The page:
Under the well-settled rule of stricti juris in questions of privileges and preferences, this Court, being strictly Erie-bound by the law of this State, cannot fashion a rule of law which would convert what otherwise would be an out-of-state sale into a Louisiana sale merely because it was consummated in connection with a conditional sale which is "repugnant to the laws of [Louisiana]."
The remaining question with respect to FMCC's vendor's privilege claim is whether these non-Louisiana sales give rise to a Louisiana vendor's privilege on the vehicles in question.
FMCC argues that since Louisiana laws should be applied a Louisiana vendor's privilege also should result. We do not agree. The fact that, as regards choice-of-law rules or of contractual agreements, Louisiana law is applied does not mean that all substantive rights gained by a sale perfected in Louisiana must accrue to a non-Louisiana sale. Neither choice-of-law rules nor the contractual agreements convert a non-Louisiana conditional sale into a Louisiana sale. Only a Louisiana sale gives rise to a vendor's privilege. "The vendor's privilege afforded by our Civil Code is unique. As stated by the court in Brent v. Shouse, 16 La.Ann. 158, the vendor's privilege on a movable is unknown to the common law."
Moreover, vendor's privileges are matters of attachment by operation of the law to the transaction of sale in this State. They cannot be conventionally created, nor should they be extended by analogy.
Louisiana law does not provide that sales perfected in other States (conditional or not) give rise to a vendor's privilege. Accordingly, under factual circumstances assumed to be most favorable to FMCC's contentions, no vendor's privilege accrued in its favor.
As the final ground for its claim to secured status, FMCC argues that the "trust receipts" perfected Louisiana security interests. While Louisiana does not provide for trust receipts as security devices, FMCC claims they are merely pledges as contemplated by the Civil Code and should be given effect as such. See La.Civil Code arts. 3183 et seq.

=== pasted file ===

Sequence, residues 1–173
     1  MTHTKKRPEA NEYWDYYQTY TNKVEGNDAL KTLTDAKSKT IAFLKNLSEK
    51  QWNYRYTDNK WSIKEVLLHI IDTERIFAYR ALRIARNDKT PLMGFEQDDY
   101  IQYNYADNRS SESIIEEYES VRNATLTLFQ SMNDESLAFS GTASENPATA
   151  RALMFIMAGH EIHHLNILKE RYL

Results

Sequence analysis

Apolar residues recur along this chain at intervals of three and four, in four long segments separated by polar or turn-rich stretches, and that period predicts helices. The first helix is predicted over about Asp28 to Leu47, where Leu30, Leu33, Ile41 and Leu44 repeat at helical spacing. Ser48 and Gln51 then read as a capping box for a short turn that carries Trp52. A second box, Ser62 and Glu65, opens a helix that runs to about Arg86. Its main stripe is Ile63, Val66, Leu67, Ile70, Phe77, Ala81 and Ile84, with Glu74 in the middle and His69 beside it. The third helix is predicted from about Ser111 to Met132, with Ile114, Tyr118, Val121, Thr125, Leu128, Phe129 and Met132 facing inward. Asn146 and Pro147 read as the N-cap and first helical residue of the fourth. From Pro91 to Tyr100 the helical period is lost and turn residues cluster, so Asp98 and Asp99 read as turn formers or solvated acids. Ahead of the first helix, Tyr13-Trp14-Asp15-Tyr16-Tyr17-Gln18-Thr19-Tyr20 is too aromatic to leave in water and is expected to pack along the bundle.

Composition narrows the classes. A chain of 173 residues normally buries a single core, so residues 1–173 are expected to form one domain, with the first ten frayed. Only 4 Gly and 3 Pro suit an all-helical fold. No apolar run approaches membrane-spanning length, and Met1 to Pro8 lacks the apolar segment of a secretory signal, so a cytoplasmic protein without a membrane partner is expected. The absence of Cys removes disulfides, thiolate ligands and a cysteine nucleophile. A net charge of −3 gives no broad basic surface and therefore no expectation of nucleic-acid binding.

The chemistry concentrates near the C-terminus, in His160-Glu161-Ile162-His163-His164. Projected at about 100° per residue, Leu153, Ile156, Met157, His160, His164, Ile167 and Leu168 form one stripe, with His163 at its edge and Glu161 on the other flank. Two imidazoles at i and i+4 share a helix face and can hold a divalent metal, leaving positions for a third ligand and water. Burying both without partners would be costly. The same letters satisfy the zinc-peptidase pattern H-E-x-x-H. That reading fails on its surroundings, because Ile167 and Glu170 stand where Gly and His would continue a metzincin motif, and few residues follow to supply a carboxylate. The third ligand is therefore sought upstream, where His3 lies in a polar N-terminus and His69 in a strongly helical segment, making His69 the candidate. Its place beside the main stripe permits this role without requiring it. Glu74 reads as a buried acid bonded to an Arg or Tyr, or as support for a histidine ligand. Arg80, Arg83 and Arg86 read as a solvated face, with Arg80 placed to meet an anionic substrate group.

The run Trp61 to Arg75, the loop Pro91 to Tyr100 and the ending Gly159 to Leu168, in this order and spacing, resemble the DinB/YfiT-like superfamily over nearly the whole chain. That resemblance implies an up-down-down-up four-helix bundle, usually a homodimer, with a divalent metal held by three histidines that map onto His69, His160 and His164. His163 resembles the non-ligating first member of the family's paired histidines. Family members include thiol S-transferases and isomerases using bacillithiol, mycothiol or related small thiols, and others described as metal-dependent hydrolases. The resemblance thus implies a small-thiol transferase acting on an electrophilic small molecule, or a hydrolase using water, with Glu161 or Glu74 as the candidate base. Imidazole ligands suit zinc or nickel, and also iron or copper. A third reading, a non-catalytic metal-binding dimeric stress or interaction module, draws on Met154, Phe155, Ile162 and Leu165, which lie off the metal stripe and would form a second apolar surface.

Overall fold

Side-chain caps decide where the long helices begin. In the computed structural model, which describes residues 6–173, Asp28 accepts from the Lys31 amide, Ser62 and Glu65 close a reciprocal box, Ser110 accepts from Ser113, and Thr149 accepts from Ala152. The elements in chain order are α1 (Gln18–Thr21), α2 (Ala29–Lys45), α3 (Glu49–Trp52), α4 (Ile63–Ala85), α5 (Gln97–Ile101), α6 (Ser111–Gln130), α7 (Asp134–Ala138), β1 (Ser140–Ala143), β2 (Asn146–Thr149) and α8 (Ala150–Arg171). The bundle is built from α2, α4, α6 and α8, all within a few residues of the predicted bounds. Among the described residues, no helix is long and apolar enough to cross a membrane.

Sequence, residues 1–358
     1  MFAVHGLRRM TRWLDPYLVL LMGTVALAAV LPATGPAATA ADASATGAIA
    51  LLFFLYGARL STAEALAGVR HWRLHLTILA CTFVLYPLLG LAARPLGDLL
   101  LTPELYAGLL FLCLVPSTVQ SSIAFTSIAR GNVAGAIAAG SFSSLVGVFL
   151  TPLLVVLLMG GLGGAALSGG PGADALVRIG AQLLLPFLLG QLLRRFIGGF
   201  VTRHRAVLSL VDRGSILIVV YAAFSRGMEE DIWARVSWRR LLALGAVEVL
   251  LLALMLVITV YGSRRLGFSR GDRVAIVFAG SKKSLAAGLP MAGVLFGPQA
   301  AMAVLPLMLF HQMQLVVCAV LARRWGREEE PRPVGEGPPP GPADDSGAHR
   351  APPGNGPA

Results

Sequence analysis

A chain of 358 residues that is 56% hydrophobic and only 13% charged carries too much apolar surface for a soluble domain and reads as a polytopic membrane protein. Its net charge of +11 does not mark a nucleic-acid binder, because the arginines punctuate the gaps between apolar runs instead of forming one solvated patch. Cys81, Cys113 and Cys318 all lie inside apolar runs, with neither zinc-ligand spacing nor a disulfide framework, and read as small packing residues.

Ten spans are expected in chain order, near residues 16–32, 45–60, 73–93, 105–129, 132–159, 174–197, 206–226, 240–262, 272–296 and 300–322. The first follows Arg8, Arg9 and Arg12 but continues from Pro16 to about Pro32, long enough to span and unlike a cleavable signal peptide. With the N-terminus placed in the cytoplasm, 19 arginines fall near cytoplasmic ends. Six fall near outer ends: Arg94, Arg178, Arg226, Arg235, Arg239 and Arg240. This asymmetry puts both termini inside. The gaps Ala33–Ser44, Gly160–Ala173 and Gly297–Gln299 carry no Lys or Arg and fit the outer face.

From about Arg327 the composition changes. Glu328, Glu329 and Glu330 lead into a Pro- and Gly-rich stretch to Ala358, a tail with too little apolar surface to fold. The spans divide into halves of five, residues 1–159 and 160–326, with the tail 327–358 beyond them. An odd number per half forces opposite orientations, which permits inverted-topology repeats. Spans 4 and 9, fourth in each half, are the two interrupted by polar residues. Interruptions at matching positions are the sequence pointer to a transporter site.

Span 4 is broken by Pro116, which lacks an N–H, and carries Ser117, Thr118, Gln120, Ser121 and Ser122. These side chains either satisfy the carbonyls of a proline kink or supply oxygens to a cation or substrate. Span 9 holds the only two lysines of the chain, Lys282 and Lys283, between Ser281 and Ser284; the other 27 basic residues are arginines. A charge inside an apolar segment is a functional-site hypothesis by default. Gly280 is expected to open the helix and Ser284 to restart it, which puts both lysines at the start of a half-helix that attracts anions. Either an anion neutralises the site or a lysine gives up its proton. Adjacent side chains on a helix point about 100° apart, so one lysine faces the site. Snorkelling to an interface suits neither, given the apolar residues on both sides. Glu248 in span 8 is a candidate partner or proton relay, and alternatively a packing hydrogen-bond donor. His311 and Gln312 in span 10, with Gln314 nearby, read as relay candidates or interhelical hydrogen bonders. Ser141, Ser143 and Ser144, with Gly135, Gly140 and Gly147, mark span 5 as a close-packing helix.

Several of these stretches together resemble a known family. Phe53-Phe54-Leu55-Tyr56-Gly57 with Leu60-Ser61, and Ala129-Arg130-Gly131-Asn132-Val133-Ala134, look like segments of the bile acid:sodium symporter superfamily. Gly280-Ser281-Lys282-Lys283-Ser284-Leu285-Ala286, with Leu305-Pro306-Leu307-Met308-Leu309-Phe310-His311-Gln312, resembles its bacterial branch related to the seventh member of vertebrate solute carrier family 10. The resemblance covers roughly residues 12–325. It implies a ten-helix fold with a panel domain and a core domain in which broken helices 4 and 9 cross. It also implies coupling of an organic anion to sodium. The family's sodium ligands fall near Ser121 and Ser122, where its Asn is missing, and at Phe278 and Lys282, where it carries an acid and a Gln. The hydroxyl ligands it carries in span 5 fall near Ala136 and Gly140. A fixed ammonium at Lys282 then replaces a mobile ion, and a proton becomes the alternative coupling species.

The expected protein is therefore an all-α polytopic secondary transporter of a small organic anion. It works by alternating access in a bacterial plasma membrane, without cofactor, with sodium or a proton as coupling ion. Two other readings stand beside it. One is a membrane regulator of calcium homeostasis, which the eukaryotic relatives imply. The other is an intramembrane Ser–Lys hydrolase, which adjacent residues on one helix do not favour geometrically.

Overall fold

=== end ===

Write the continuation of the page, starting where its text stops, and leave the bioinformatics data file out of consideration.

Significantly, unlike a privilege which is created by operation of law and cannot be created by covenant, a pledge is so created:
It is necessary, therefore, to ascertain whether the intent of the parties was to create a pledge as contemplated by Louisiana law.
By the orthodox trust receipt in a tripartite situation, such as existed here, the seller (Ford Motor Company) transfers
This is essentially the relationship which FMCC here urges was the intent of the parties in the tripartite arrangement, but which failed because Louisiana will not countenance title retention by means of the traditional Common Law conditional sale.
By the very language of the "trust receipt" ("Title to said property shall remain in the entruster [FMCC] as security"), plus the arguments of FMCC's counsel "([claiming] * * * the ownership * * * [of] said motor vehicles in each instance being in the possession of the bankrupt under a Trust receipt * * *"), it is clear that FMCC did not intend, upon entering this contractual arrangement, that Wallace would gain title to the vehicles but that title would remain in FMCC.
We reiterate, there was no evidence that FMCC attempted to perfect merely a "security interest" as contemplated by the U.C.C. by filing of record a financing statement as to the conditional sales or trust receipt documents to evidence such intent.
Louisiana's concept of "pledge," as plainly shown by its Civil Code definition in article 3133, quoted above, does not contemplate title remaining in or passing to the pledgee, but that muniment of title must be in the pledgor or a third person.